The way they have it all setup is pretty clever too hiding behind common technologies so their infections don’t look out of place.
A nasty infection that attempts to install a potent malware cocktail on the machines of end users has spread to about 30,000 websites run by businesses, government agencies and other organizations, researchers warned Friday.
The malicious payload silently redirects visitors of infected sites to servers that analyze the end-user PC. Based on the results, it attempts to exploit one or more of about 10 different unpatched vulnerabilities on the visitor’s machine. If none exist, the webserver delivers a popup window that claims the PC is infected in an attempt to trick the person into installing rogue anti-virus software.
If you imagine 30,000 websites have been installed, how much traffic do these sites have in total? And out of that how many client computers have been infected.
The numbers could be quite huge.
The rogue anti-virus seems fairly intelligently designed too with polymorphic techniques to avoid signature scanning by real AV engines.
“For the common user, it’s going to be possible but difficult to determine what the code is doing or if it’s indeed malicious,” Chenette told The Register. “We can see this quickly growing.”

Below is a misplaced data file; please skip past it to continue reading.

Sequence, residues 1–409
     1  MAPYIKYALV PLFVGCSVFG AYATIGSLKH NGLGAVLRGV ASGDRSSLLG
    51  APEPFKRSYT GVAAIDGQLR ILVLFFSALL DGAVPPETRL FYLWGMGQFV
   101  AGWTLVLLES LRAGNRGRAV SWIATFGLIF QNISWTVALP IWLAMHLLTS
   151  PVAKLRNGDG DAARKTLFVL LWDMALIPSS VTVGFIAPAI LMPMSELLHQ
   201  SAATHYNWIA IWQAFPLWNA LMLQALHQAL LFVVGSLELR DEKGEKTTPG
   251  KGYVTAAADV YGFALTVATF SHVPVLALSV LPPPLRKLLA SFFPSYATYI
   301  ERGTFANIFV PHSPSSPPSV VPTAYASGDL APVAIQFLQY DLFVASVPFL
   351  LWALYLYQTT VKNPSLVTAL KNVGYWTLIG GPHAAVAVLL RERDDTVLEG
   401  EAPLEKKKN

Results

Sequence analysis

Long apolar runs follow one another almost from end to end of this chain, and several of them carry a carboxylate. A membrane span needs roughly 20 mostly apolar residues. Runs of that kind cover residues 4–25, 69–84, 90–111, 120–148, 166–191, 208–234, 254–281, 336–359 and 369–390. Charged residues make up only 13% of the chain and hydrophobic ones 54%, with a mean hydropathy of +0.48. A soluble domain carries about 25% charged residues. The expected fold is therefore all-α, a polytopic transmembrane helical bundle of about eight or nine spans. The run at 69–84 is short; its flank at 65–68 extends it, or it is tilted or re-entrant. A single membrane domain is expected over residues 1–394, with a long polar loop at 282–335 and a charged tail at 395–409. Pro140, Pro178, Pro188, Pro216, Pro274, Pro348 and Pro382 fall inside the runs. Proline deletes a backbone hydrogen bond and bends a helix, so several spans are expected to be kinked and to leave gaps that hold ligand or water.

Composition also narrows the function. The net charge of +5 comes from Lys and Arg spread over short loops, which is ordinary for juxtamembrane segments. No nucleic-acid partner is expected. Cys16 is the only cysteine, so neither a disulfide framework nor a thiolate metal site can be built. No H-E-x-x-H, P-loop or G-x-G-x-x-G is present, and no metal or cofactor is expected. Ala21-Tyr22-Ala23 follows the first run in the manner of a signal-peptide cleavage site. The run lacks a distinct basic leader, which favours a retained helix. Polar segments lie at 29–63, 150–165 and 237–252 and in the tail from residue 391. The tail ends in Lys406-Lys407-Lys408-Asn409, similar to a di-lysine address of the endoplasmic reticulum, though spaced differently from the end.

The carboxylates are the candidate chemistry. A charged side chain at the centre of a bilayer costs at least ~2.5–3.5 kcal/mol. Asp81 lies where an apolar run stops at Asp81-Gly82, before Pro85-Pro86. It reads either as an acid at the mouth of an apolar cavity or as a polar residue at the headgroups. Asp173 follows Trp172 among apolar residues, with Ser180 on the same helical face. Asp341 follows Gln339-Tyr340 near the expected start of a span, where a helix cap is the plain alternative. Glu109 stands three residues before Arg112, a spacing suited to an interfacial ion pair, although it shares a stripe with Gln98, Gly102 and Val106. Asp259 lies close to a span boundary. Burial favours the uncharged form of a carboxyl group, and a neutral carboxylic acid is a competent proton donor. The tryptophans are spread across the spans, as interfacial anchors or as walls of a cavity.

Seems like it could possibly be from Russia (the RBN) and it’s not related to Gumblar, even though they have quite a few similarities.
Interesting case to watch, and make sure any sites you run are up to date, secured and not open to SQL injection!
Source: The Register
- Heartbleed Bug SSL Vulnerability – Everything You Need To Know
- Oracle Java Cloud Service Vulnerabilities Publicly Disclosed
- ODA – Online Web Based Disassembler
- Jan 2006 Virus and Spam Statistics
- Malware Outbreak During New Year – Dref-V and Trojan downloader Tibs-jy
- REMnux: A Linux Distribution For Reverse-Engineering Malware
Most Read in Exploits/Vulnerabilities:
- Learn to use Metasploit – Tutorials, Docs & Videos - 225,272 views
- AJAX: Is your application secure enough? - 118,944 views
- eEye Launches 0-Day Exploit Tracker - 84,994 views